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Screengrab: "60 Minutes"/CBS

President Trump sat down for a lengthy interview with Lesley Stahl on CBS' "60 Minutes," discussing a wide variety of topics from climate change to foreign policy to the Mueller investigation.

The big picture: Trump was discursive — and often combative — while defending some of his administration's most controversial policies, including family separation at the border. He ended one particularly tense exchange with Stahl by reminding her, "Lesley, it's okay. In the meantime, I'm president — and you're not."

Climate change
  • "I think something’s happening. Something’s changing and it’ll change back again. I don't think it's a hoax, I think there's probably a difference. But I don't know that it's manmade. I will say this. I don't want to give trillions and trillions of dollars. I don't want to lose millions and millions of jobs. I don’t want to be put at a disadvantage."
  • "I'm not denying climate change. But it could very well go back. You know, we're talking about over a millions of years. They say that we had hurricanes that were far worse than what we just had with Michael."

Reality check: The vast majority of scientists do believe that climate change is a real — and dangerous — phenomenon, highlighted by last week's report by the UN's Intergovernmental Panel on Climate Change that warned of potential catastrophe unless the world took "unprecedented" steps to combat the issue.

The Mueller investigation
  • Asked if he'd pledge to not shut down the investigation: "Well, I — I don't pledge anything. But I will tell you, I have no intention of doing that. I think it’s a very unfair investigation because there was no collusion of any kind. There is no collusion. I don't want to pledge. Why should I pledge to you? If I pledge, I'll pledge. I don't have to pledge to you. But I have — I have no intention of doing that."

Go deeper:

North Korea
  • Pressed by Stahl with Kim Jong-un's history of torture, Trump responded: "Sure. I know all these things. I mean — I'm not a baby. I know these things."
  • And asked about his declaration of "love" for Kim: "Look. Let it be whatever it is. I get along with him really well.  I have a good energy with him.  I have a good chemistry with him. Look at the horrible threats that were made.  No more threats. No more threats."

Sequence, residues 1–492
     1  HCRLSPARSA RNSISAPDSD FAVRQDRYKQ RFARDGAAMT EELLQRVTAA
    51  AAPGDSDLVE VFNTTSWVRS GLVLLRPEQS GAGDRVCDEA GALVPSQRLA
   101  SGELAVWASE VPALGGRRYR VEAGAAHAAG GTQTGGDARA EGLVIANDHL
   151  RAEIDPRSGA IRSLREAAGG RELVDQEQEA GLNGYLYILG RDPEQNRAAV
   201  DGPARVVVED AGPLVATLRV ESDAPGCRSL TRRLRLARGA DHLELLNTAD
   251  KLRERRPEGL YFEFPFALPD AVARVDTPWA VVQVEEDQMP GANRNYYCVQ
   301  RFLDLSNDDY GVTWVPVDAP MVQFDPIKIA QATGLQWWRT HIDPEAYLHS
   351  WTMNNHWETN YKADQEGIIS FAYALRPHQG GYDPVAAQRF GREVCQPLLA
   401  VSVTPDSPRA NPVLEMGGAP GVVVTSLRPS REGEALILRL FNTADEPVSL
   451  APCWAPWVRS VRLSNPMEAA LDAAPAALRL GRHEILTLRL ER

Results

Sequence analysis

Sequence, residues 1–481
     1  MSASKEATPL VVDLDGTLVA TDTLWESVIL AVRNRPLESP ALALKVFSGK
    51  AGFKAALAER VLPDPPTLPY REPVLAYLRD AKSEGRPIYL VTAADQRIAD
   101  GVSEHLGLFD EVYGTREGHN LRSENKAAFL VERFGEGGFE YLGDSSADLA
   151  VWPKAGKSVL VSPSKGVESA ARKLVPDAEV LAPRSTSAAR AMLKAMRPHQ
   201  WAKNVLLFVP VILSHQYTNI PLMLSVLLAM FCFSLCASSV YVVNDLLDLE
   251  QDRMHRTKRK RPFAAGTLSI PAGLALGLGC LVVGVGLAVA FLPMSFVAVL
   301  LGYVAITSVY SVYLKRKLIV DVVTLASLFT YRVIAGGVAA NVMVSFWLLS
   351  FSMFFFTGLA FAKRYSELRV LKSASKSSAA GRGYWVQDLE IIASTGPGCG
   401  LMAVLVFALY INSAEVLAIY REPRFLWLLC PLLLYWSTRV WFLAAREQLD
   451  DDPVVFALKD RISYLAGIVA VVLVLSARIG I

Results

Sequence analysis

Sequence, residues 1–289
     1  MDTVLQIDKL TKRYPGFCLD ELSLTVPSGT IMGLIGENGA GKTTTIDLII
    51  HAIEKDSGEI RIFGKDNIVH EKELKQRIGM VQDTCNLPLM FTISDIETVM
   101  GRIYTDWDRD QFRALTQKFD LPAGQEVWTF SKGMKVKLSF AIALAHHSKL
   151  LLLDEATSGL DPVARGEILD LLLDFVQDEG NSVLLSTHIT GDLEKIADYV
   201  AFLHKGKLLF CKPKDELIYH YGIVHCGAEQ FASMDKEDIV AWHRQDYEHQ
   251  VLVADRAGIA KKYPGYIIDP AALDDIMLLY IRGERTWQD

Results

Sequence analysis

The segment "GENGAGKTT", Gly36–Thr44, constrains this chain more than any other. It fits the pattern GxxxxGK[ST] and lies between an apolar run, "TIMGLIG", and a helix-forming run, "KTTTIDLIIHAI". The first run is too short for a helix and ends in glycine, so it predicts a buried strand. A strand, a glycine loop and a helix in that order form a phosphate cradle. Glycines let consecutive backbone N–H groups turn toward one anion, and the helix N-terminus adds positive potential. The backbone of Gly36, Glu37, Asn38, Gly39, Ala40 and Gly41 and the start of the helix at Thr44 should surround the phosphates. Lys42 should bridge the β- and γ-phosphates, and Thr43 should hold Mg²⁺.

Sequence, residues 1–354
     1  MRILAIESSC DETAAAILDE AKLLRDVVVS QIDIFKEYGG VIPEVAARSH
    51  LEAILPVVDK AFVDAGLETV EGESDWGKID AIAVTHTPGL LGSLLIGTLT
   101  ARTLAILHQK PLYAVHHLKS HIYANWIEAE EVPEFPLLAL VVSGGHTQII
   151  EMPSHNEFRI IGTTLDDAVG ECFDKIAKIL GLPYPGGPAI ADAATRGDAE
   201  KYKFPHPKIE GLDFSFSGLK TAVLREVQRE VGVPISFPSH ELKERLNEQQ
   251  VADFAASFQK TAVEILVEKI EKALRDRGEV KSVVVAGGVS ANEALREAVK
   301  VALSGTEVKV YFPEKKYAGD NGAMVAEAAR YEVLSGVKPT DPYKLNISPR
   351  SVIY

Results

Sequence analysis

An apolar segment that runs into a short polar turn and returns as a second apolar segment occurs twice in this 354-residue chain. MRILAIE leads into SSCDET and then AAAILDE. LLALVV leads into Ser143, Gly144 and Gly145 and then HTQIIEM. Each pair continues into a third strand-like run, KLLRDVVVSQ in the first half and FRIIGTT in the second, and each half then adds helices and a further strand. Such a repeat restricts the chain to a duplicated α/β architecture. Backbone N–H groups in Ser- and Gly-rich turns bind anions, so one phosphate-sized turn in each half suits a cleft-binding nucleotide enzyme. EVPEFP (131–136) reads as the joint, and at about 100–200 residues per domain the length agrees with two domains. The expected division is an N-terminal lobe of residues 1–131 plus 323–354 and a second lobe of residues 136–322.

Go deeper: Trump and Kim's roller coaster year.

Russia
  • On Vladimir Putin's alleged assassinations of political enemies: "Probably he is, yeah. Probably. I mean, I don't — "
  • On meddling during the 2016 election: "They — they meddled. But I think China meddled too."

Go deeper:

His regrets as president
  • "The press treats me terribly. I thought very strongly that, you know, the one great thing will happen is the press will start treating me great. Lesley, they treat me worse. They got worse instead of better. Very dishonest. ... I regret that the press treats me so badly."
  • "I could have been earlier with terminating the NAFTA deal. The problem was, I was getting to know the leaders. I was getting to know countries. I didn't want to do it right out of the box. So I waited a little while, but I could have done trade a little bit earlier."

Go deeper:

Go deeper

Ben Geman, author of Generate
14 mins ago - Economy & Business

GM's shrinking deal with Nikola

Illustration: Rebecca Zisser/Axios

General Motors will no longer take an equity stake in Nikola Corp. or build its pickup truck, under a revised deal that still envisions GM as a key tech supplier for Nikola's planned line of electric and fuel cell heavy trucks.

Driving the news: The revised agreement Monday is smaller in scope than a draft partnership rolled out in September that had included a $2 billion stake in the startup and an agreement to build its Badger pickup.

1 hour ago - Technology

Exclusive: Facebook's blackout didn't dent political ad reach

Photo: Valera Golovniov/SOPA Images/LightRocket via Getty Images

Americans saw more political ads on Facebook in the week before the 2020 election than they did the prior week despite the company's blackout on new political ads during that period, according to Global Witness, a human rights group that espouses tech regulation.

Why it matters: The presidential election was a key stress test for Facebook and other leading online platforms looking to prove that they can curb misinformation. Critics contend measures like the ad blackout barely made a dent.

Wall Street wonders how bad it has to get

Illustration: Aïda Amer/Axios

Wall Street is working out how bad the economy will have to get for Congress to feel motivated to move on economic support.

Why it matters: A pre-Thanksgiving data dump showed more evidence of a floundering economic recovery. But the slow drip of crumbling economic data may not be enough to push Washington past a gridlock to halt the economic backslide.